Nevertheless, it was built on foundations of the great faith that the conditions demanded and it was blessed on 19 March 1960, on the Feast of St. Joseph (And Fr. Kentenich). It also became a gift for the Golden Jubilee of Father Kentenich’s ordination to the priesthood. Today, it is a home for many pilgrims. It is a place of solidarity where people from different backgrounds have always been able to come together to share, to pray and learn from each other.
It is also the central Shrine for the movement in Cape Town and many of the various branches’ activities take place here. The Sisters hold daily adoration and many people also come in during these hours to spend time with Jesus in the Blessed Sacrament. The Shrine is open daily.
This shrine is an oasis of hope in a stark landscape. Situated in Hannover Park, in the Cape Flats, the Maryland Shrine was built in 1974 during Apartheid to give the people of the area sense of dignity and worth.
During the 1960s, the then Apartheid government forcibly removed people from the Cape Town city centre under the Group Areas Act, and resettled them on the outskirts of the city in desolate areas, cutting them off from their homes and the vibrant communities from which they came. The Shrine became a home for those who were felt abandoned and betrayed. Through the graces of the Shrine, the Blessed Mother came to their need.
The Shrine not only provides spiritual support, but the Centre alongside offers literacy classes, assists the children from the impoverished area and creates caring groups for those who are hurting from the suffering that comes with poverty as families are torn apart by drugs and crime. Various religious groups also use the centre for their activities.
P.O. Box 24604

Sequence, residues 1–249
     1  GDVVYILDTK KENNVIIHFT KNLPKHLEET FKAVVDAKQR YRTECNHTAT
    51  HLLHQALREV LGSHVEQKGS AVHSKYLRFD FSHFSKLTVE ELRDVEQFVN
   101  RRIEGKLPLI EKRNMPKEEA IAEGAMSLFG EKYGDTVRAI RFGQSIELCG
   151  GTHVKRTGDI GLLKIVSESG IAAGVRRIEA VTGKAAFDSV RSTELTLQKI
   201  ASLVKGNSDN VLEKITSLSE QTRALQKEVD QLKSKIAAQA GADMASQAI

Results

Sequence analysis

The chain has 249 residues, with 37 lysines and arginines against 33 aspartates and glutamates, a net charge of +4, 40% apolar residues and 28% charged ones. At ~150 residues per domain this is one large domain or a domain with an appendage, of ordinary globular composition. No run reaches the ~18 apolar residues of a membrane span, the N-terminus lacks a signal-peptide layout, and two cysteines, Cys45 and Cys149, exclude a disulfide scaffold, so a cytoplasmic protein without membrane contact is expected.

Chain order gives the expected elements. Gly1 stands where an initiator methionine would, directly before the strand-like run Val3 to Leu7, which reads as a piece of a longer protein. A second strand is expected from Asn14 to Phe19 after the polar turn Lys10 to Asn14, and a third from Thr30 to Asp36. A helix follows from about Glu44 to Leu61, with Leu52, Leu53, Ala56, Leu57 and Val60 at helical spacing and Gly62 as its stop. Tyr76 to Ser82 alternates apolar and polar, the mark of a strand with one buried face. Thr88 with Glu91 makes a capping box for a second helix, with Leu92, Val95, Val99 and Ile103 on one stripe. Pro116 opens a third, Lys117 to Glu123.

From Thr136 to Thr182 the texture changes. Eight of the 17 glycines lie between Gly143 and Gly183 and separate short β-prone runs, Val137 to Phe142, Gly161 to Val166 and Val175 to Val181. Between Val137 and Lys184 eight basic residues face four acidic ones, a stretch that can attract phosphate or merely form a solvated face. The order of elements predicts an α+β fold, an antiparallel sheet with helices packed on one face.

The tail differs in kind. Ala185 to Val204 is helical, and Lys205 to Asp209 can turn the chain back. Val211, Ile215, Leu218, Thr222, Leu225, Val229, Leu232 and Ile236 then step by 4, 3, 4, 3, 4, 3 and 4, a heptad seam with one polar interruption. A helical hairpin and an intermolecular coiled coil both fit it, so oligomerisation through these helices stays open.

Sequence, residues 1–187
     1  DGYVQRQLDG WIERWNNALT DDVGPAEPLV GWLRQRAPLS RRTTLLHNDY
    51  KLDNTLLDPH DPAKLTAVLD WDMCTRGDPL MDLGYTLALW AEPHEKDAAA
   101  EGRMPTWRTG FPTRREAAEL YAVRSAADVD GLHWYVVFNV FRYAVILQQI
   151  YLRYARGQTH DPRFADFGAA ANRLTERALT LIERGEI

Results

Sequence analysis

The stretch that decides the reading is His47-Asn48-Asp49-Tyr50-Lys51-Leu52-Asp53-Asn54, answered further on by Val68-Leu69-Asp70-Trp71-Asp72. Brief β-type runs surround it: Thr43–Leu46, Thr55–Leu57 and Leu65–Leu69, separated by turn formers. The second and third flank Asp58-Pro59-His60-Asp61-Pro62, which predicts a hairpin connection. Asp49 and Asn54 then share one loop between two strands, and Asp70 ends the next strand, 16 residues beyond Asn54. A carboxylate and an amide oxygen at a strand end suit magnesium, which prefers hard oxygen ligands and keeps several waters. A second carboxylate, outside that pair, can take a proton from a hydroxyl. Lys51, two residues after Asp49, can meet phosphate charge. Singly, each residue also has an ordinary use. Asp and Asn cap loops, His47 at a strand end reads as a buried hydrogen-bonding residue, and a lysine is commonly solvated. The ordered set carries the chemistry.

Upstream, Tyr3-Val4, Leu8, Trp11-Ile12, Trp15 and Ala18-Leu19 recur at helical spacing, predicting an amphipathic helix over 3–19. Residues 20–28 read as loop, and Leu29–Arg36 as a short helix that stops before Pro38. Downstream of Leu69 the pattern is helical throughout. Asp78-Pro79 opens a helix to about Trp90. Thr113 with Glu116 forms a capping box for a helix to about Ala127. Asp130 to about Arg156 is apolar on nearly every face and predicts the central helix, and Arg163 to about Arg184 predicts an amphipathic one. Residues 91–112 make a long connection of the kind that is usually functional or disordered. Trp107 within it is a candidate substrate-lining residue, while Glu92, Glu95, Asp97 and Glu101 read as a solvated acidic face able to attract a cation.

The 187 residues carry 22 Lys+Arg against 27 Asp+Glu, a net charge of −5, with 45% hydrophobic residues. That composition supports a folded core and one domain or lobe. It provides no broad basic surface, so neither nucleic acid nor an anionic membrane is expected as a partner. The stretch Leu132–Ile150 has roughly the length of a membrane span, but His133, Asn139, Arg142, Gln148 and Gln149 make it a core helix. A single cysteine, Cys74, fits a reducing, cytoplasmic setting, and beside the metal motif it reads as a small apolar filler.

Lansdowne, W. Cape 7779
Tel: 021 692 1180
Johannesburg - Aurum Patris Shrine
It is fitting that the only shrine in Gauteng, the economic powerhouse of the country and home to the gold mines that gave it its claim to fame, should also carry the name Aurum Patris – Gold of the Father. Its name comes from a comment that the Schoenstatt founder, Fr. Joseph Kentenich made when he visited South Africa in 1948. Upon seeing the gold mines that lined the Johannesburg landscape, he looked at the fledgling Schoenstatt community and said: “These are my gold mines!”
Dedicated in 1975, the Aurum Patris shrine was built by the members of the Schoenstatt Movement. Not only did the members come together every Saturday for a year to lay the bricks and plaster the walls, but they also built the shrine with their own financial contributions, and more importantly, with many spiritual sacrifices, offered so that it this could become a place of grace for many.
This shrine has as its mission: “build from here a better world” – better world by promoting the values of family life, by providing a meaningful contribution and service to the Church and working towards a society that honours the dignity of each human person and fosters Fr. Kentenich’s vision of the “new person in the new society.”
Find us at 33 Florence Avenue, Bedfordview or phone 011 455 5146 for more information.